Kane states, “We are the only Joint Commission certified Primary Stroke Center in the area. We must adhere to strict standards and criteria in treating stroke victims. Even with all the tools at our disposal, none of them work unless patients arrive quickly to the hospital.” She adds that in 2008 the Stroke Center had 74 “code purples,” the emergency announcement used for stroke. Of those 74, only 5 patients met the strict eligibility criteria for giving tPA. In 2009 the Center had 144 code purples and 25 patients met the criteria. Kane says, “We went from about 7% to 17%. That means we’re improving in getting the word out to people that they must arrive within a three hour timeframe to be considered for that type of therapy, but we still have a long way to go.”

A TIA or transient ischemic attack is sometimes called a mini stroke, but it is really a warning. It is caused by a clot blocking blood to the brain for a short time, but it doesn’t cause permanent damage or leave lasting effects. However, 15% of those who have had a TIA go on to have a full stroke. A TIA has the same symptoms as a full-blown stroke and should not be ignored.

“In medical terms strokes are called cerebrovascular accidents, but they are not accidents. There are ways to prevent them,” states Kane. The major risk factors for stroke are high blood pressure, high cholesterol, heart disease, diabetes, smoking, heavy alcohol use, physical inactivity and obesity, atrial fibrillation, and family history. “Maintaining a normal weight, eating a balanced diet, exercising, cutting back on alcohol, and stop smoking are things everyone should be doing,” says Kane. She also says that if you already have a risk factor, you should continue with the treatment recommended by your physician. “And if you see someone with stroke symptoms, remember to ACT F.A.S.T!”

Friday, August 6, 2010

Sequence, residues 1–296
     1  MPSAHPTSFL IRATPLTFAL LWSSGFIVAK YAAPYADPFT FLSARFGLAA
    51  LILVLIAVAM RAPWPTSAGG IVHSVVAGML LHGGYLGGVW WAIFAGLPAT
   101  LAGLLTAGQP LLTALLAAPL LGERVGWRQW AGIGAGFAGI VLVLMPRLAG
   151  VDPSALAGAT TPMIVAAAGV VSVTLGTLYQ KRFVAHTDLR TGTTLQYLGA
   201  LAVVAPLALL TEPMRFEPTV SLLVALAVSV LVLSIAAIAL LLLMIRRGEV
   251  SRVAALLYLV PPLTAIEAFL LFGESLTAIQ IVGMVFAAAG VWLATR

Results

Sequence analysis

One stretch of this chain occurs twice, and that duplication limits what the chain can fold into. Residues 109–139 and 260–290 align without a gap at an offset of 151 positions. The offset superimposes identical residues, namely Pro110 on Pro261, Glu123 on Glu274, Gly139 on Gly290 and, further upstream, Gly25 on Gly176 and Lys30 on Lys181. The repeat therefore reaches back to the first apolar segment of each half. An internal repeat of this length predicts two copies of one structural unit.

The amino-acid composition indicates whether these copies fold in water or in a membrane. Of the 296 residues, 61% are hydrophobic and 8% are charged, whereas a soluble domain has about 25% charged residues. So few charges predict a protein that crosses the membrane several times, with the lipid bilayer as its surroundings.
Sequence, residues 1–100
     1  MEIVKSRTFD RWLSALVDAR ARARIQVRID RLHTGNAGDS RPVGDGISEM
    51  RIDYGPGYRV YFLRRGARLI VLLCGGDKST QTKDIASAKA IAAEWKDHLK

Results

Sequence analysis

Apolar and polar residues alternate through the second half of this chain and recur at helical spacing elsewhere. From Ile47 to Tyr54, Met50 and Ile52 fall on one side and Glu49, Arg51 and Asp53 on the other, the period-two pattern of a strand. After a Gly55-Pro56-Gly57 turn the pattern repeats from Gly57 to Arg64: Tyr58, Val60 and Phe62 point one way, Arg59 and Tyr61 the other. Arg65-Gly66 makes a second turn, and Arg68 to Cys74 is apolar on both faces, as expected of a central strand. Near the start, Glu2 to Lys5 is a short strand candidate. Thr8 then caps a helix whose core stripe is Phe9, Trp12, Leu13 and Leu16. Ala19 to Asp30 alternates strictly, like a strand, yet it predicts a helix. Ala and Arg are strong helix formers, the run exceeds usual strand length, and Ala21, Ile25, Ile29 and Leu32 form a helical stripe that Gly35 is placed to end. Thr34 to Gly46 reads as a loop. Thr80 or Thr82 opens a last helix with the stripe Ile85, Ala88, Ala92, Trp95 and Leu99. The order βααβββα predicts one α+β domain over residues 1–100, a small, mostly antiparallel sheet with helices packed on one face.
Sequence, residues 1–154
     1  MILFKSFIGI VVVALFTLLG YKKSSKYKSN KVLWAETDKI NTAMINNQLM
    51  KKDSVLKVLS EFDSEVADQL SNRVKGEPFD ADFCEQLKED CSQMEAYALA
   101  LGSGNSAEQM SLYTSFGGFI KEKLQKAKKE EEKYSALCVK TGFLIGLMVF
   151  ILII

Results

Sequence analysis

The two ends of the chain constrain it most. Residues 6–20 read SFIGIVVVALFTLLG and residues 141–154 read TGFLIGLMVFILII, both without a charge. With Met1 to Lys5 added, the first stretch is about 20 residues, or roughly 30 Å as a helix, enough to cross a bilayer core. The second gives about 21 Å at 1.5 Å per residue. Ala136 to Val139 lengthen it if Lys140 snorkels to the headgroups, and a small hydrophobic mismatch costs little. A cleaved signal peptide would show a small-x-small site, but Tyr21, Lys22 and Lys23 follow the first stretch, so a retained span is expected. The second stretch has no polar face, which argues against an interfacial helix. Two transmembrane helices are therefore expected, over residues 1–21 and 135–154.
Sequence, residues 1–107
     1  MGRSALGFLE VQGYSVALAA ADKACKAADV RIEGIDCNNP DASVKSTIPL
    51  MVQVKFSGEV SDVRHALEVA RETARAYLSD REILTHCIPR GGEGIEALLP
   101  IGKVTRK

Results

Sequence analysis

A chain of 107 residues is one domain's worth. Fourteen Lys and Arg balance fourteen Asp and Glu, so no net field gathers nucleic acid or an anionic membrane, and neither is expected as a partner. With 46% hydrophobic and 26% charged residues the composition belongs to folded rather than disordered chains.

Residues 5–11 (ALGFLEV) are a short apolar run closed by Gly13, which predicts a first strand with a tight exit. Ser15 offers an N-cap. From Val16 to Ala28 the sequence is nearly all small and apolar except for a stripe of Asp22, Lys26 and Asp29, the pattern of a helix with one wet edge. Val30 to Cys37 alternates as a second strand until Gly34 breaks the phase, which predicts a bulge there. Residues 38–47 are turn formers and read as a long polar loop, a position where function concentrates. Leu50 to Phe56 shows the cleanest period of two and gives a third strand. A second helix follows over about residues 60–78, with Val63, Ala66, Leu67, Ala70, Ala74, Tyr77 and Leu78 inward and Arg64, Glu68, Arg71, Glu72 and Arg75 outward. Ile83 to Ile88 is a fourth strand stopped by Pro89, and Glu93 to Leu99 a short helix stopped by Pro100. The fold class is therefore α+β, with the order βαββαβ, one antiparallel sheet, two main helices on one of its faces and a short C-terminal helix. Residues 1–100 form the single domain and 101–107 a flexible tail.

This website has been created by the librarians who serve the health care institutions in Northeastern Pennsylvania. We are members of the Health Information Library Network of Northeastern Pennsylvania (HILNNEP).

This site actually has two purposes. We hope to
1. Help you find the local resources and agencies in our region that can help you with your healthcare needs


2. Help you make sense of the vast amount of information available on the Internet and direct you towards the best and most trustworthy websites

A Relevant Note ...
On February 18, 2010, an article was published in both the Scranton Times and the Citizens' Voice declaring that NEPA counties are among the state's least healthy. "The report's authors hope the rankings will be a catalyst for change in communities across the country - that community leaders, across all sectors, will use it to learn about and work to change what is making residents unhealthy." The newspaper article concludes with a question (from the University of Scranton's Daniel West, Ph.D., a member of the Healthy Northeast Pennsylvania Initiative: "The question is, with limited resources, where do we begin?"

It is our hope that this website will serve as one of those beginning steps.